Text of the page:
Updated: Oct 5, 2020
by Jack Gantt
It’s telling how much a 44-acre block of city can reinvent itself for new cultures and economies over the course of a century. The materials stay mostly the same. Historic buildings still stand. The same industrial-grade metal structures still uphold a 35- foot tall rail-line overlooking the waterfront. The cobblestone streets haven’t changed either. Now, they’re just more often trampled by a fleet of Jimmy Choo’s than by a fleet of trucks packaging and shipping out fresh meat to local residents.
New York City’s Meatpacking District, which was once an industrial hub made up of 250 meatpacking plants, is today considered one of New York City’s most glamorous destinations to experience culture. Luxury retailers occupy each corner. Sought out restaurants pack out before releasing their patrons to the streets to explore the vibrant, iconic night-life. Art stays alive, in both museums and public expression. It’s an example of successful transformation and as such, the perfect setting for a night of visionary conversation on business design and transformation.
A quick search for “digital transformation” on Google Trends shows the term’s quickly increasing prevalence since 2016. While this, on the one hand, means it is probably great buzzword ammunition to impress in meetings, leadership must accept it as a strategic imperative.
The three main characteristics defining this disruption-fraught operating environment are ubiquitous data, unlimited connectivity, and massive processing power. Ubiquitous data means that there is nothing you can’t know – no mysteries about who your customer is or what they want. Unlimited connectivity means there is access to everybody, everywhere and finally, massive processing power means that businesses can and should generate important insights from all that data and connectivity that humans simply can’t. Together, they have created a new realm of possibility that fundamentally changes consumer and business experiences.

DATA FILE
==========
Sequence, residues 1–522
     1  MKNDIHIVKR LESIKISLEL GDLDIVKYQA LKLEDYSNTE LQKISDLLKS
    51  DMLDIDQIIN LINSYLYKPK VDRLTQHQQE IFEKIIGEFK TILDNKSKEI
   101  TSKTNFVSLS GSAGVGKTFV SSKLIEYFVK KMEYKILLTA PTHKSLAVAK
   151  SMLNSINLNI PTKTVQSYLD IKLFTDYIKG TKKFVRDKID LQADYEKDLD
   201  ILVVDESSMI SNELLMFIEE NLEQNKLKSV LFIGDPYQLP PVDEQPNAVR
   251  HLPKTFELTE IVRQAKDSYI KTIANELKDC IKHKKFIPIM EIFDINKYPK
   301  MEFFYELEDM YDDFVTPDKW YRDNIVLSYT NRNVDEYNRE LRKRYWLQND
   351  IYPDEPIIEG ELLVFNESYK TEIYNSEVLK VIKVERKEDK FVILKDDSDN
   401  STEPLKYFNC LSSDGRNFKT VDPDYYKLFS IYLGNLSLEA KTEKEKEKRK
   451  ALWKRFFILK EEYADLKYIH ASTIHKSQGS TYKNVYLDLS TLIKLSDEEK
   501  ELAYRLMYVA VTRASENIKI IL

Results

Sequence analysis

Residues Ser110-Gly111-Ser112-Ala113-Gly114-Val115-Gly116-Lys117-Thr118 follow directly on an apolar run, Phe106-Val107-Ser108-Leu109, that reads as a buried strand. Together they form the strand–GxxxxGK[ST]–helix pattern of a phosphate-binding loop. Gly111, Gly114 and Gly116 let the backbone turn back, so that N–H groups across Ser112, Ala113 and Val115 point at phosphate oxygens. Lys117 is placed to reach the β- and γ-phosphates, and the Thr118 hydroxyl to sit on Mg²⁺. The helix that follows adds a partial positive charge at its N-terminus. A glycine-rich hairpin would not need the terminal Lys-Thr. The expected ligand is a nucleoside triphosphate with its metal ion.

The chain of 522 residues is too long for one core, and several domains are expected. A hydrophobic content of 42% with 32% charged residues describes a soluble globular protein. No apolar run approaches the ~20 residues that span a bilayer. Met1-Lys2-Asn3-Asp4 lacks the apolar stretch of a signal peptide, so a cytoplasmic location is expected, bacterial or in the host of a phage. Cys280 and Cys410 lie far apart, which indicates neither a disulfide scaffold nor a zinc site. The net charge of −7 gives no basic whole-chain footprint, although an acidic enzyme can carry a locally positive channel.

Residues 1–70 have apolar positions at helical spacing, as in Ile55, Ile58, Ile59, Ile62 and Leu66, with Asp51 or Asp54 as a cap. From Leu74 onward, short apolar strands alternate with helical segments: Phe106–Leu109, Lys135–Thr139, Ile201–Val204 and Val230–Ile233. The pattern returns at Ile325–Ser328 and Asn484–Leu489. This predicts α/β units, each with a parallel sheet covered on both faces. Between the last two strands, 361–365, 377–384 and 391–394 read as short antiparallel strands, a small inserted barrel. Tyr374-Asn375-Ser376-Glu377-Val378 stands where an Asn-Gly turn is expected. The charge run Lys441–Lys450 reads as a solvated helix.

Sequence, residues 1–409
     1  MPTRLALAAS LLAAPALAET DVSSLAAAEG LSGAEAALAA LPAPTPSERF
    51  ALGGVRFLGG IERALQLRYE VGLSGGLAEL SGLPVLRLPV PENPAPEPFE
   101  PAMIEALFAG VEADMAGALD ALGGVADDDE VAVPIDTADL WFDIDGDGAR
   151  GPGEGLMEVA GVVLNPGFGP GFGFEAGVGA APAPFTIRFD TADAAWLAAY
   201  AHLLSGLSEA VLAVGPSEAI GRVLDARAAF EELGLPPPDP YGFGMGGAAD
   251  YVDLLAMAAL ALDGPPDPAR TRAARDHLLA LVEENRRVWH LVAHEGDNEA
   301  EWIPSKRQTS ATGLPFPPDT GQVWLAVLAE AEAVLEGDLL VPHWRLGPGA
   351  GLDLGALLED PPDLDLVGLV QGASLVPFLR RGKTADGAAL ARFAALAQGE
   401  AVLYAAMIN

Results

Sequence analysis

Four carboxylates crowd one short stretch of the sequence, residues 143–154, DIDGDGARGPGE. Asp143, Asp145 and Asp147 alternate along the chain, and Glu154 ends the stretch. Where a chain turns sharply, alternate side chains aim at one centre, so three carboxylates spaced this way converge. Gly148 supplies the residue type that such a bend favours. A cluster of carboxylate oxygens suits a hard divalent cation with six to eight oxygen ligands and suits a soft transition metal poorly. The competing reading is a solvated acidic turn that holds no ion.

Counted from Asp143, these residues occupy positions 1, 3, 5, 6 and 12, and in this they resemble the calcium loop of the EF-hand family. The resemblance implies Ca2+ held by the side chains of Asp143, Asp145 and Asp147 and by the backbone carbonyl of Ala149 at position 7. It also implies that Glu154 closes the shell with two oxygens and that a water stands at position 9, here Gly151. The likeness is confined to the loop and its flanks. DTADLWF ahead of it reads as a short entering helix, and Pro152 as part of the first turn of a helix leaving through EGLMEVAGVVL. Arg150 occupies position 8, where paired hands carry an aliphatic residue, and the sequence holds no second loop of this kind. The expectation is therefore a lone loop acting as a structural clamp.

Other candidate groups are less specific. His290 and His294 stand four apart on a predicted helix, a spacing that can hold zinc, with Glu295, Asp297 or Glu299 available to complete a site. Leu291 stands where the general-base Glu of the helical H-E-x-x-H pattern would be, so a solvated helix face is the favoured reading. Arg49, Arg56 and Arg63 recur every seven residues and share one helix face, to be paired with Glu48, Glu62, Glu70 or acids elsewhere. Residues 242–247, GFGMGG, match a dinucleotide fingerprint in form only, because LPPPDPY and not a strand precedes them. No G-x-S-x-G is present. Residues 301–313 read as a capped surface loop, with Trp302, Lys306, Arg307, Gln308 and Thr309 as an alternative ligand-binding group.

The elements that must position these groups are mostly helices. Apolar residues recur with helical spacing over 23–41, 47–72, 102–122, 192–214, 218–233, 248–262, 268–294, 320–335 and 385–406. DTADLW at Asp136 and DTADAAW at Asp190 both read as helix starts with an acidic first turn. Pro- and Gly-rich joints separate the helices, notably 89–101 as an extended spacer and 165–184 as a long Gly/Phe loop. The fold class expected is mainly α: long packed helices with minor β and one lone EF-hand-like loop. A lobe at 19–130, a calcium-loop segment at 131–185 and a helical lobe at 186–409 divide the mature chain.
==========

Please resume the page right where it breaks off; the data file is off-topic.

Market leading businesses are well versed in these three areas and use them to their advantage; businesses that are disrupting categories have been built on them.
TO BE FUTURE READY, INCUMBENTS MUST DELIVER EXPERIENCES THAT MATTER.
In shifting their focus, incumbents need to set high standards and aim for experiences that truly set them apart. Future ready businesses provide their customers exceptional and memorable experiences, and they constantly improve and innovate these, informed from a wealth of data and customer feedback. They are modular and agile and have responded to their customers’ needs and wants by creating new ways of working, employing new talent, providing new channels, and bringing value through an eco-system of partners and platforms.
Kentucky Fried Chicken turned around their brand by building this way, cultivating a loyal and valuable customer base through a meticulous focus on customer-centricity in all aspects of their service. Since 2016, they’ve built out an omni-channel experience with a larger global footprint than Target, Wal-Mart, and Costco combined, boasting expansive home delivery, self-service kiosks, and multi-channel click-to-collect ordering that accounts for as much as 98% of purchasing in certain markets. The result has been a brand that is relevant, easy, and distinctive in its category. While just three years ago the company was closing thousands of locations, today they are opening a new store every 6 hours. Additionally, since the turnaround, Yum! Brands’ stock price has more than doubled from $52.50 to $117.50. That’s growth via an experience that matters.